Florida Panthers

This Florida Panthers goalie of the future grew up emulating Luongo and Lundqvist

Samuel Montembeault, a 21-year-old French Canadian, is considered the Florida Panthers’ goalie of the future. He has been in net for 11 of the past 12 Springfield Thunderbirds games, earning valuable experience.
Samuel Montembeault, a 21-year-old French Canadian, is considered the Florida Panthers’ goalie of the future. He has been in net for 11 of the past 12 Springfield Thunderbirds games, earning valuable experience. Courtesy of Florida Panthers

When Samuel Montembeault was a kid growing up in the Quebec area, he would play a youth-league hockey game, get home, call his friends and return to the ice for a pickup game or two.

Montembeault’s schedule isn’t quite as hectic these days … but it’s close.

The 21-year-old French Canadian, who is considered the Florida Panthers’ goalie of the future, has been in net for 11 of the past 12 Springfield Thunderbirds games, earning valuable experience.

“He’s playing a lot of hockey, and he’s coming up with some big saves,” Springfield coach Geordie Kinnear said. “He’s pretty dynamic.”

Montembeault wasn’t supposed to play quite this much, but Panthers starter Roberto Luongo injured his right leg while making a kick save Dec. 4, setting off a chain reaction.

James Reimer moved up to starter, where he has played exceptionally well, compiling a five-game win streak that was finally snapped on Tuesday night at the Minnesota Wild.

3At age 18, Samuel Montembeault was one of three Canadian goalies selected for the World Junior Championships — a huge honor in a hockey-crazed country.

In the meantime, Harri Sateri, who had signed a one-year contract to serve as Montembeault’s backup and mentor at Springfield, was called up to play behind Reimer. (Sateri, 28, made his NHL debut on Tuesday in relief of Reimer.)

That’s left more work for Montembeault in his first year in the American Hockey League, and he has responded by going 4-1-1 in the most recent six starts entering this weekend.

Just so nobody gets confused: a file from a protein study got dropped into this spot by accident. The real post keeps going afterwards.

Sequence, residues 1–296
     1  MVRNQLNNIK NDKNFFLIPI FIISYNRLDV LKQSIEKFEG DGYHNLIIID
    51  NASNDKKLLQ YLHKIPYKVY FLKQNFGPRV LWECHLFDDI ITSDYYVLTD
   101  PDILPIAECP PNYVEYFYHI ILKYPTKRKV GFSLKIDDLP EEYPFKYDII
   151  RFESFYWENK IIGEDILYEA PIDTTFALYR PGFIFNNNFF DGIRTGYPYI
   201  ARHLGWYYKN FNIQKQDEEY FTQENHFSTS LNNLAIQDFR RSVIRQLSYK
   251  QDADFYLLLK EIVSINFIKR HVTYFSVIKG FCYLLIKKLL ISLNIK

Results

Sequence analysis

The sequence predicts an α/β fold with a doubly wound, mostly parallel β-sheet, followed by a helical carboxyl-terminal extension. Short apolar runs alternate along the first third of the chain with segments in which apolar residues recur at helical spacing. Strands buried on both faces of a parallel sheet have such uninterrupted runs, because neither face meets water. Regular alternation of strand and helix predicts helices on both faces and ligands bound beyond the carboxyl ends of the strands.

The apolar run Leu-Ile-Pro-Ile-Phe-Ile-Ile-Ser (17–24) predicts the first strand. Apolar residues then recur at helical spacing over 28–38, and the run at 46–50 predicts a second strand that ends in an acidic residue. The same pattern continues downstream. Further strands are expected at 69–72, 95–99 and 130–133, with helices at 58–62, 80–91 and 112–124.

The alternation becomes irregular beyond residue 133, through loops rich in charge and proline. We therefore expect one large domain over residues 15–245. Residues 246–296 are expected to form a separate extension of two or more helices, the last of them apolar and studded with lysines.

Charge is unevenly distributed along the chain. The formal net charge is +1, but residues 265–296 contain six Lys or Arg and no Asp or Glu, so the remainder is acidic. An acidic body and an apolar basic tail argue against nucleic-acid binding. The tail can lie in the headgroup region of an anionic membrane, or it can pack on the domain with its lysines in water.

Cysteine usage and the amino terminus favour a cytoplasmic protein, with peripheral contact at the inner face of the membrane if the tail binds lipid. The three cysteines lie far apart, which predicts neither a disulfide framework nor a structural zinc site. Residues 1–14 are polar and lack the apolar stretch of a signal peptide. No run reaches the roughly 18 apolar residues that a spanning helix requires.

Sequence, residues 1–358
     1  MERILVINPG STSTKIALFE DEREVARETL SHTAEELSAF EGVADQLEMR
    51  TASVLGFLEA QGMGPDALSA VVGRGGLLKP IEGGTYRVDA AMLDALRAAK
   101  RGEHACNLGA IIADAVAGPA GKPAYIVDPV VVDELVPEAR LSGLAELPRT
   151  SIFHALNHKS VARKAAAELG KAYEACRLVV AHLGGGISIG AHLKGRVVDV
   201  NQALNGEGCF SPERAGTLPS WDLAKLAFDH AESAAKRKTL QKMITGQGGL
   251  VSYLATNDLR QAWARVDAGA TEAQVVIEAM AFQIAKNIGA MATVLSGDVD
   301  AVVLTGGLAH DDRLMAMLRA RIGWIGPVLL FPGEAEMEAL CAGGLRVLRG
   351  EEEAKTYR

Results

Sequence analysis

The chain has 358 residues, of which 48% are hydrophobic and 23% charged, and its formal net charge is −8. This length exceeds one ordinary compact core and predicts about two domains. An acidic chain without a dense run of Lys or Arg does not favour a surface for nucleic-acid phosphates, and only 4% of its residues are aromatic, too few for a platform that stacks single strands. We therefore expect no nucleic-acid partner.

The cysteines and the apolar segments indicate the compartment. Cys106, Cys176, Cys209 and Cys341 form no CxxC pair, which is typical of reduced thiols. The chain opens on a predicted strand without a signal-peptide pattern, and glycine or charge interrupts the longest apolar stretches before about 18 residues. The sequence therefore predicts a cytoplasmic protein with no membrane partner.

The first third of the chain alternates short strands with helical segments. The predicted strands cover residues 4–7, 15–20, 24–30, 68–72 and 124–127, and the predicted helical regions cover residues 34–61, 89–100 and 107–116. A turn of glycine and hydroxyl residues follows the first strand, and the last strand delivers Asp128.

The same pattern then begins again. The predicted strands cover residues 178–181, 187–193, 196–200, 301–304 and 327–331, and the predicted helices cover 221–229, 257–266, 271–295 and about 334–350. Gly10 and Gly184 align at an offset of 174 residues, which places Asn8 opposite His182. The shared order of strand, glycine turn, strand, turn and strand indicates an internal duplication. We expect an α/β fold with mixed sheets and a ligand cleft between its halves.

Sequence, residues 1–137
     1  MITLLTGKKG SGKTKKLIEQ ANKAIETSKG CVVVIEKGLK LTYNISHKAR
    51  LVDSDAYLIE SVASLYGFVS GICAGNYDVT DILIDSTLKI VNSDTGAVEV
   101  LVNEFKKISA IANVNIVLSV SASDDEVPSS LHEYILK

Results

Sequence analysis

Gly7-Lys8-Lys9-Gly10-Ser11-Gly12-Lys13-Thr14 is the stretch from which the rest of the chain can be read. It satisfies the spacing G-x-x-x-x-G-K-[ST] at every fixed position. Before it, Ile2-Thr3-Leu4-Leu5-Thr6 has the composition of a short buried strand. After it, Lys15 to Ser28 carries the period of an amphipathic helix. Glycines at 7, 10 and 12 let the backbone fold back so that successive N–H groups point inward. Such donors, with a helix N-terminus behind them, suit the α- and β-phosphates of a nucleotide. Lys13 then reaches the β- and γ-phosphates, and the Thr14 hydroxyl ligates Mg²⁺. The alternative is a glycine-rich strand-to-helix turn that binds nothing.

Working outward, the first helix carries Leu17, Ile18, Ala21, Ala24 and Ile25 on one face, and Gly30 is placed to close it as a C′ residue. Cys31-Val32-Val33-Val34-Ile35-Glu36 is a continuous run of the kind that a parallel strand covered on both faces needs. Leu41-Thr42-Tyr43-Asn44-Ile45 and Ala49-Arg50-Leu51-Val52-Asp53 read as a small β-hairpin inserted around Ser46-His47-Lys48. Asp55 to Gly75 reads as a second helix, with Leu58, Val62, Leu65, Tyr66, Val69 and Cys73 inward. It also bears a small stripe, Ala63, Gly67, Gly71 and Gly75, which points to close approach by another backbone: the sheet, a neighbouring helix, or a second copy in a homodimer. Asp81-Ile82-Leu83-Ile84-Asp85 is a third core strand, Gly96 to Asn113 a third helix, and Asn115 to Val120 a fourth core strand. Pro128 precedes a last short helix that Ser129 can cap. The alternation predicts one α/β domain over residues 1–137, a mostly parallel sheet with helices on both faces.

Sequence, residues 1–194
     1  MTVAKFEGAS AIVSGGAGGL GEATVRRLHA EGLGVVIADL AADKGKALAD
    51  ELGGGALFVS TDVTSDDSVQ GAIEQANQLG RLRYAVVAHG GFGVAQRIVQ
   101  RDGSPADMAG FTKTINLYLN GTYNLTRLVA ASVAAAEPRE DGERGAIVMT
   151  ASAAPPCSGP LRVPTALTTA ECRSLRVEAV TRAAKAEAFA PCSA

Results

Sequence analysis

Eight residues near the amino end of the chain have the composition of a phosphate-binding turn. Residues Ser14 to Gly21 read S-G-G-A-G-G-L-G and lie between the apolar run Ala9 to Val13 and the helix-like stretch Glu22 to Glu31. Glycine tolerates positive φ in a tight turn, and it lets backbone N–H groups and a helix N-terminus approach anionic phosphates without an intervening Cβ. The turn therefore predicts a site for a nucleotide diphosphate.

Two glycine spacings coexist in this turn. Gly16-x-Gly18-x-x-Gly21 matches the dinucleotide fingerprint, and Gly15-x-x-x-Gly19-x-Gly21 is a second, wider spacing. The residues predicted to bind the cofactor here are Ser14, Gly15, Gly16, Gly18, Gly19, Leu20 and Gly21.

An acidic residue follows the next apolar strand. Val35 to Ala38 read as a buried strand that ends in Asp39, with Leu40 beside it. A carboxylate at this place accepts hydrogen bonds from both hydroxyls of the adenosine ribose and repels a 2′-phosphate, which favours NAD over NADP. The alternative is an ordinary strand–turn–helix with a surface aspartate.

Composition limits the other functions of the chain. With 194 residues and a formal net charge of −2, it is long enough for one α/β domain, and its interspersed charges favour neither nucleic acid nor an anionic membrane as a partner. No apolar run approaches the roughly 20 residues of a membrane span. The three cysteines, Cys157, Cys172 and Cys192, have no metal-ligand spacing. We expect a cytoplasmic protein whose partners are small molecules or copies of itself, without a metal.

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Samuel Montembeault, a 21-year-old French Canadian, is considered the Florida Panthers’ goalie of the future. He has been in net for 11 of the past 12 Springfield Thunderbirds games, earning valuable experience. Courtesy of Florida Panthers

“It’s going to help my development,” Montembeault said of the heavy workload. “It’s going to help me make the jump [to the NHL] faster.”

Montembeault’s goal — which he came up with three years ago when he was about to be drafted — was to reach the NHL by age 23.

It will be interesting to see if he can get there that quickly because goaltending is the most stable position on the Panthers roster. Luongo, 38, is signed through the summer of 2022, and Reimer, 29, is under contract through 2021.

When they drafted me, I didn’t even hear who was picking. I was talking to my father because two goalies had been picked right before me … and then I heard my name.

Samuel Montembeault, Florida Panthers prospect

Montembeault is certainly well regarded.

At age 18, he was one of three Canadian goalies selected for the World Junior Championships — a huge honor in a hockey-crazed country.

Later that year, he was the Panthers’ third-round pick and the sixth goalie selected in the entire draft. There were only two goalies selected in the first two rounds before there was a run at the position.

That 2015 draft was at the BB&T Center in Sunrise, and Montembeault was there for the event, which was his first time in South Florida.

The Panthers’ first-round pick that year, left winger Lawson Crouse, has since been traded to the Arizona Coyotes along with Dave Bolland in what was mostly a salary dump. (The Panthers got two future picks.)